1. E. Egan, “The Nullity of Marriage for Reason of Insanity or Lack of Due Discretion,” Ephemerides Iuris Canonici 39 (1983): 22–23.
  2. Apostolic Constitution Sacrae disciplinae leges, 25 January 1983, AAS 75 (1983): VII–IVX. The term “renewal of Christian life” is the English translation (The Code of Canon Law in English translation, London, Collins, 1983) of the documents original “rei christianae scilicet restaurandae.” This expression might also be translated as “restoring, precisely, those things belonging to Christians.” Although the official translation is considered by scholars to be more fitting in a general sense, the proposed translation here for the purposes of this presentation allows for a precision that refocuses the canonical inquiry on the basic objective of the law. I am grateful to Professor D. Gallagher (Cornell University) for his comments regarding the Latin text and the use of these expressions in ecclesiastical texts.
  3. Sacrae disciplinae leges, xx: “Instrumentum, quod Codex est, plane congruit cum natura Ecclesiae, qualis praesertim proponitur per magisterium Concilii Vaticani II in universum spectatum, peculairique ratione per eius ecclesiologicam doctrinam. Immo, certo quodam modo, novus hic Codex concipi potest veluti magnus nisus trasferendi in sermonem canonisticum hanc ipsam doctrinam, ecclesiologiam scilicet conciliarem.”
  4. K. Himes and J. Coriden, “The Indissolubility of Marriage,” Theological Studies 65.3 (2004): 490.
  5. Himes and Coriden, “Indissolubility,” 481. The authors rely on L. Wrenn’s work.
Catherine Godfrey Howell, JCD About Catherine Godfrey Howell, JCD

Catherine Godfrey Howell, JCD, is a canon lawyer, editor, and translator. Her dissertation, completed at the Pontifical University of the Holy Cross, is a profile of consensual incapacity to marry in American canonical jurisprudence. She presently lives in South Bend, Indiana, with her husband and three children.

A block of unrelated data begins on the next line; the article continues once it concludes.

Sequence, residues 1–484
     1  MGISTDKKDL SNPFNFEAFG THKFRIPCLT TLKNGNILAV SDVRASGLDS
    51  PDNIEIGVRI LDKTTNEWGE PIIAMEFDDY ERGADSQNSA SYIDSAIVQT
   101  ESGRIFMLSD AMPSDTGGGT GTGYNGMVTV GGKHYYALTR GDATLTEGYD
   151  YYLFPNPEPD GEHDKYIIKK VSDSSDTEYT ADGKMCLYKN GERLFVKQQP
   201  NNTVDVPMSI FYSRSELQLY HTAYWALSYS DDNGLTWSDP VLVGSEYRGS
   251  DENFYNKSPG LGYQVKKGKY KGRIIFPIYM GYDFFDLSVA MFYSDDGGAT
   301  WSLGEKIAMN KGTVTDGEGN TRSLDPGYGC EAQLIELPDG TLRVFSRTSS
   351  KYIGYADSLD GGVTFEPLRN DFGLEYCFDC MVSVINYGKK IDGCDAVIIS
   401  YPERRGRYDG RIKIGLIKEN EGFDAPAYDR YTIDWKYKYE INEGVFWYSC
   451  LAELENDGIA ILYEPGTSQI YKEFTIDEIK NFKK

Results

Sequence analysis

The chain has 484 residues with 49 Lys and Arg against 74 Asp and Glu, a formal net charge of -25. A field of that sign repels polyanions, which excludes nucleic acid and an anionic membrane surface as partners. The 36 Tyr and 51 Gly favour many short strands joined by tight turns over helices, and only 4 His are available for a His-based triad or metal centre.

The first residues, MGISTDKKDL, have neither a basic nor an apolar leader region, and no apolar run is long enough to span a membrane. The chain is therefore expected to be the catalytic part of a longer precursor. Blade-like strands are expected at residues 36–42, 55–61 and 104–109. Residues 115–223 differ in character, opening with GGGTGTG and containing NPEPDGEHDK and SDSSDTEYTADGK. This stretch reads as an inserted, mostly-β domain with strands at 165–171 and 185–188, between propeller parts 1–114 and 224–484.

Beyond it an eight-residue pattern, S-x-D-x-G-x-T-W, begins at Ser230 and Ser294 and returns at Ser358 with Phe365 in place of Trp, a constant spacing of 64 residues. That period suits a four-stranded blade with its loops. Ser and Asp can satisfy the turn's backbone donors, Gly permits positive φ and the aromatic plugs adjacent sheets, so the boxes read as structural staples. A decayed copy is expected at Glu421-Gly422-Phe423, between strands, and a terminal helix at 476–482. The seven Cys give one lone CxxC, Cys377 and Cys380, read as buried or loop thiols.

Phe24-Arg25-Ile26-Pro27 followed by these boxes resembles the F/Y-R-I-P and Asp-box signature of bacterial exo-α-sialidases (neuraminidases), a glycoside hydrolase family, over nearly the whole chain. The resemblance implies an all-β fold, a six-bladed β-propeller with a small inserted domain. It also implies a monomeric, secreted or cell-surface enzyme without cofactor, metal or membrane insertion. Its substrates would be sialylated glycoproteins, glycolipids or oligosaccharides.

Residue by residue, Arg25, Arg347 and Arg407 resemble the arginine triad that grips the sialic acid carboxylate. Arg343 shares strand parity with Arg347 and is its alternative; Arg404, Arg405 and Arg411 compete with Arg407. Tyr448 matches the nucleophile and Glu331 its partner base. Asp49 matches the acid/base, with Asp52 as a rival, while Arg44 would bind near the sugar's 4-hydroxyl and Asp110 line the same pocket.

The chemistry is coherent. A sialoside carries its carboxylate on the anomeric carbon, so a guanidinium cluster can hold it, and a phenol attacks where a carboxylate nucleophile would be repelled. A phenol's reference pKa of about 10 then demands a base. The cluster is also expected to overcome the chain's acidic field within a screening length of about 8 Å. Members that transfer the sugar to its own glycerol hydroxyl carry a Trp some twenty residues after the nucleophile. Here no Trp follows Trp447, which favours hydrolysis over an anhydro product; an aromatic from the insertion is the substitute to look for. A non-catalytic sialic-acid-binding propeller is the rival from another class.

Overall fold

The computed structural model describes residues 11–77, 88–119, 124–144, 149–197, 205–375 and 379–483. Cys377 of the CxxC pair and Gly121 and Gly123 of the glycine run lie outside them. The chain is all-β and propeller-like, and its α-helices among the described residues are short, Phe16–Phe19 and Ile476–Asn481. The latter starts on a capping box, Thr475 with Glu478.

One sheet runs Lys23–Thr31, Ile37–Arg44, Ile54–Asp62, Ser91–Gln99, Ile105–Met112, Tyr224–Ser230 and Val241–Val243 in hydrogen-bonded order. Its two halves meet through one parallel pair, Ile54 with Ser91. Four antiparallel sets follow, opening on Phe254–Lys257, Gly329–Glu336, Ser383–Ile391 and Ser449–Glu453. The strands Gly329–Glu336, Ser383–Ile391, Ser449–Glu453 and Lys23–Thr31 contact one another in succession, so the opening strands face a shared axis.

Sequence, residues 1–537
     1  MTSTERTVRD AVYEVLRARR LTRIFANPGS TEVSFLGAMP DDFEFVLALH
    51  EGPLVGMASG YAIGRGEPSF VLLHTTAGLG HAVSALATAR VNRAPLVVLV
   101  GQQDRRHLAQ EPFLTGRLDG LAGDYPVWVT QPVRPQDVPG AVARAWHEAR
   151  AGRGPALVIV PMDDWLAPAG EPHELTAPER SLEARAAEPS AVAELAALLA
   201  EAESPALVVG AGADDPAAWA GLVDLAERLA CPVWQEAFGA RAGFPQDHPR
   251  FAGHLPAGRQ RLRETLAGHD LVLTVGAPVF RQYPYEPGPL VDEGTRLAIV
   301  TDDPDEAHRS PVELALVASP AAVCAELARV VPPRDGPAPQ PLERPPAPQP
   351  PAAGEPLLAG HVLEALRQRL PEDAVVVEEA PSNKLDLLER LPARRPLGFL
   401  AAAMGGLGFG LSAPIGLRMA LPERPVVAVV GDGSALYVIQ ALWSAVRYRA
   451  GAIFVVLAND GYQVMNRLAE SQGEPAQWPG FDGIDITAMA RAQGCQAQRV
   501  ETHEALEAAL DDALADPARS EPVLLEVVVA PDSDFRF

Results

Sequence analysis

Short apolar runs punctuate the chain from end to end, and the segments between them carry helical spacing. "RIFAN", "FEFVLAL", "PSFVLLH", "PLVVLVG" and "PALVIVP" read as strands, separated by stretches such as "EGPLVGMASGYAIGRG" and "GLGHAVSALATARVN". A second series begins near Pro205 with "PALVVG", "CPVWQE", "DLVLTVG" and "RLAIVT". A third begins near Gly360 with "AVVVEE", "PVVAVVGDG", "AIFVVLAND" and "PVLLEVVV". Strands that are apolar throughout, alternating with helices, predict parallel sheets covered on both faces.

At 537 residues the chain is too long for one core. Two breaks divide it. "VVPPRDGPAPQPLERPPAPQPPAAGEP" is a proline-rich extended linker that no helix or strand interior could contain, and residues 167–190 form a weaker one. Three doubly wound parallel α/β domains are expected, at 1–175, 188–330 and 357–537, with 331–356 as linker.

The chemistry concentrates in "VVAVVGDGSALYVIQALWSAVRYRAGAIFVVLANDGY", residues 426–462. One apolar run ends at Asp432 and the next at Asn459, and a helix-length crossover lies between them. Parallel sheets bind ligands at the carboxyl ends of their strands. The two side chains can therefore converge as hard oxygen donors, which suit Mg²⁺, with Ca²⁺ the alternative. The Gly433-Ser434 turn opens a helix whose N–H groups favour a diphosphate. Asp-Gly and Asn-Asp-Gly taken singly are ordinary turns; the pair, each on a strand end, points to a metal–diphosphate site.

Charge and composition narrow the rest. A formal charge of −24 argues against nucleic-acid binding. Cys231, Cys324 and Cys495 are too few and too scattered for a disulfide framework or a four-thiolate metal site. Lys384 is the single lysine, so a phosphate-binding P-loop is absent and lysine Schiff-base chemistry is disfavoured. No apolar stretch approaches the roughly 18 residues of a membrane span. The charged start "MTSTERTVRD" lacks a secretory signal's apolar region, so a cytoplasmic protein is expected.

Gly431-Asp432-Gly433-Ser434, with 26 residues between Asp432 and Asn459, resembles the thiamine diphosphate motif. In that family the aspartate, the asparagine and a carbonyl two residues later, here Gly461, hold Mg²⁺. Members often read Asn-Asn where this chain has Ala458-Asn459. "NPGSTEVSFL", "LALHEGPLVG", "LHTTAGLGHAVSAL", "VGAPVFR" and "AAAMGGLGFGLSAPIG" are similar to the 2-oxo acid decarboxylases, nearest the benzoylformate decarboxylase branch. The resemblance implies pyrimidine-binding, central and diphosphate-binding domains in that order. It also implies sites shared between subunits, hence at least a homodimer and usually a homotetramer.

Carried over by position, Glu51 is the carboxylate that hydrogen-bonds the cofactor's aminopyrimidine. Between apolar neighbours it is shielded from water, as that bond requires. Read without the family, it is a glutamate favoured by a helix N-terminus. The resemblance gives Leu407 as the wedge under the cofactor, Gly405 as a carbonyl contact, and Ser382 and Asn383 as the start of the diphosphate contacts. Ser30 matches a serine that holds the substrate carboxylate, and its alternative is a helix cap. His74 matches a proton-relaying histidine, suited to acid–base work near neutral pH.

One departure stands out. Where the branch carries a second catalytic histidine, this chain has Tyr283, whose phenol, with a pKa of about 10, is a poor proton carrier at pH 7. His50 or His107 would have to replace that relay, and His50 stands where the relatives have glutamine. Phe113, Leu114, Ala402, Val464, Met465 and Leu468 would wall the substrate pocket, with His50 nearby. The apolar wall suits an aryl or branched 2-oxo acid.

Comments

  1. Patrick Cullinan says:

    Is canon 1095 good or is it evil?

  2. Hi Catherine, The object of 1095.2 is the consent, but isn’t the object of 1095.3 the aspects of the marriage itself (those who, because of causes of a psychological nature, are unable to assume the essential obligations of marriage)? Is being ordered toward “the good of the spouses” (c. 1055) an essential obligation of marriage? Is being ordered to the “procreation and education of offspring” (c. 1055) an essential obligation of marriage? Cardinal Raymond Burke talked about how the orientation toward the good of the spouses in the 1983 code, in this context, can only mean “mutual help” as was stated in the 1917 code. [Cardinal Burke, Presented August 10, 2011. Canon Law Conference, August 9 and August 10, 2011, Shrine of Our Lady of Guadalupe La Cross, Wisconsin.]

  3. Sheryl Temaat says:

    I dont know of a Declaration of Nullity that soothed anyone’s feelings except two self-centered adults who wanted the right to divorce and remarry in the Catholic Church. Rejected spouses have suffered unspeakable torment, and children who are forced to live with Mom’s new man and Dad’s new honey are cruelly abused by the Church which has adopted this “pastoral” approach which, as you say, has no reality in justice.

    I am sure that tribunalists will argue that some Declarations of Nullity are just and leave all affected subjects better off. They can argue that, but those cases, if they exist, do not justify the widespread abuses.

  4. JOHN FARRELL says:

    “outcome that soothes the feeling of conflict but cannot name or identify the realities of justice.” I’m thinking that this is because virtually 100% of American separations are illigitimate, but are “annulled” anyway.